Wheels Up will be private aviation’s biggest brand in next five years, says Dichter

Kenny Dichter toasts Wheels Up's launch with Beechcraft.

Kenny Dichter (second from right) toasts Wheels Up's launch with Beechcraft.

“Wheels Up will be private aviation’s number one brand in the next five to six years.”
— Kenny Dichter

One thing you cannot fault Kenny Dichter for is his ambition. Wheels Up may have only taken delivery of its first King Air 350i, but Dichter did not launch the new membership company to offer just one King Air.

Having made his name with Marquis Jet, Dichter launched Wheels Up in August 2013, with an order for up to 105 King Air 350i aircraft. He expects to enlist 300 members by the end of 2013 and between 1,000 and 1,500 by the end of 2014.

Dichter likens the difference between Wheels Up and the rest of the private aviation industry to the difference between old media and new media. “We want to be the Google or the Twitter or the Facebook of the space,” he says.

Member’s only

Dichter compares Wheels Up to a private member’s club. From $15,750, members will be guaranteed access for 300 days of the year to the company’s fleet of aircraft, which so far, includes the first deliveries from its “$1.4 billion commitment to Beechcraft” and from 2014, will include 12 Bombardier Global business jets owned by VistaJet and operated by Jet Aviation.

Wheels Up plans to initially focus on seven key areas in the US, which includes New York (Teterboro Airport), Los Angeles (presumably Van Nuys), Seattle, Denver, Dallas, Chicago and Palm Beach.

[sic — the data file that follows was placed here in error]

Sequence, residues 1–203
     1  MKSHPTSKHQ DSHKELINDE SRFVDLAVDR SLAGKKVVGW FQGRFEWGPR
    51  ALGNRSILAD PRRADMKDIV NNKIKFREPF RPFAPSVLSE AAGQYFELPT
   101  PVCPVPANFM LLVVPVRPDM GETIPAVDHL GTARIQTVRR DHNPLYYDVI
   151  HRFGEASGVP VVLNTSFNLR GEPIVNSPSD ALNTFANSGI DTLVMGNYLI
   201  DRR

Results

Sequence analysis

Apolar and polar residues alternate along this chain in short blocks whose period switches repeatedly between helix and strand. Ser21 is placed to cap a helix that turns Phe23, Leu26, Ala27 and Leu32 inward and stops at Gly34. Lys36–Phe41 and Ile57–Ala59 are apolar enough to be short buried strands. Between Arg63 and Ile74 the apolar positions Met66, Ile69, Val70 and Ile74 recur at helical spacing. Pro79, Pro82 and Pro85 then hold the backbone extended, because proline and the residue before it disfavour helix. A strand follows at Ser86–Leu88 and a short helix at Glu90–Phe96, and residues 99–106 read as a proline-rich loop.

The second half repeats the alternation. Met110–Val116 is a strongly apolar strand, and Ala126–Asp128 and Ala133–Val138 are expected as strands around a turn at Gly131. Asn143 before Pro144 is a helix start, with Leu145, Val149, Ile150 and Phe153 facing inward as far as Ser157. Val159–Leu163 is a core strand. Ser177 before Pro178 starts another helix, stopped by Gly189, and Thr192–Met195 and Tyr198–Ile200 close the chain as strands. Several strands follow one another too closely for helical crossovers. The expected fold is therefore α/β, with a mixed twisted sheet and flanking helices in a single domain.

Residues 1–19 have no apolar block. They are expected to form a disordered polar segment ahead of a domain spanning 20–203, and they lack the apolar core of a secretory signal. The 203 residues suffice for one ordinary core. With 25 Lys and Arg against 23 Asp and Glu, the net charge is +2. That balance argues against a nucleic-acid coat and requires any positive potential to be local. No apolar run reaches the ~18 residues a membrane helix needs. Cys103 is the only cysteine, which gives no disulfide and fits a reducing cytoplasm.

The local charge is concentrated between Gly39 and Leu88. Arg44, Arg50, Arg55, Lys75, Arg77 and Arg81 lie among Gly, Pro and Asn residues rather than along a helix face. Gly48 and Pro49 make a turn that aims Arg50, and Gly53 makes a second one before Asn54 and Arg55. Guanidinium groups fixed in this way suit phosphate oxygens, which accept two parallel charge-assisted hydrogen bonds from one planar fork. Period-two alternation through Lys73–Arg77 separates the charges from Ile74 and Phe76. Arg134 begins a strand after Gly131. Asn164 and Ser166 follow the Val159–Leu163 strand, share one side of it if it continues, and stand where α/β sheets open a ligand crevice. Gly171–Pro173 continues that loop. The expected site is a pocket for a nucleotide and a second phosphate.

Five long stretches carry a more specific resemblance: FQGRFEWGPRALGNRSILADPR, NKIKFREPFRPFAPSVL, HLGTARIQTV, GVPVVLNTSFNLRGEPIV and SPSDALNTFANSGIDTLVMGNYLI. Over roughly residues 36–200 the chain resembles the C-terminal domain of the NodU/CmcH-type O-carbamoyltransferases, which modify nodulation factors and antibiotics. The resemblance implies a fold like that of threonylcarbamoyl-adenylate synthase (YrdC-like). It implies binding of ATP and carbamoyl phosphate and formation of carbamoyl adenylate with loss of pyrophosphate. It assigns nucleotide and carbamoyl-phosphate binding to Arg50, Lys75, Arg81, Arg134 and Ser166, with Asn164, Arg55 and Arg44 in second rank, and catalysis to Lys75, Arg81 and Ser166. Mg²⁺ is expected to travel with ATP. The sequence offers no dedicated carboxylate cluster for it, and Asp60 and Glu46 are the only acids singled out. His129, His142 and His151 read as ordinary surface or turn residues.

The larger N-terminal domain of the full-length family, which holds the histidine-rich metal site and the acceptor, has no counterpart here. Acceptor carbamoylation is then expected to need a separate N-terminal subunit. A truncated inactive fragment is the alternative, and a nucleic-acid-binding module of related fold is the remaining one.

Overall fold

In October 2013, the company chose Gama Aviation to operate and manage its fleet of King Airs, which will be maintained by Beechcraft, but Dichter says Wheels Up intends to use more third-party operators in the future, giving its members access to the entire spectrum of business aircraft at an hourly rate, ranging from light aircraft to large-cabin business jets and even helicopters. “We want to be your total aviation solution,” says Dichter. “We want our members to look at Wheels Up as their flight desk.”

Dichter also plans to launch an affiliated lifestyle brand named Wheels Down, which will curate exclusive functions based around major events like the Super Bowl, the Kentucky Derby and Art Basel and will offer a concierge service when they are on the ground.

Choosing the King Air

With a maximum range of around 2,000 miles and the ability to carry up to nine passengers, the King Air 350i may seem like a humble aircraft compared to a light jet, but Dichter draws parallels with the Jeep and the Range Rover, which were both launched as military vehicles during the second world war, but have since become synonymous with parents ferrying their children to school.

“The investors feel really comfortable with the King Air; it is an iconic workhorse airplane,” he says. “We’re taking nine [King Airs] this year and we have another 18 coming in 2014.”

Having founded Marquis Jet, the first ever fractional jet card programme, and served as vice chairman of NetJets, the leading fractional jet ownership provider, Dichter learned that fractional jet owners were, on average, flying distances of just under two hours. He says he saw a gap in the market and identified the King Air as an ideal aircraft for people used to fractional schemes.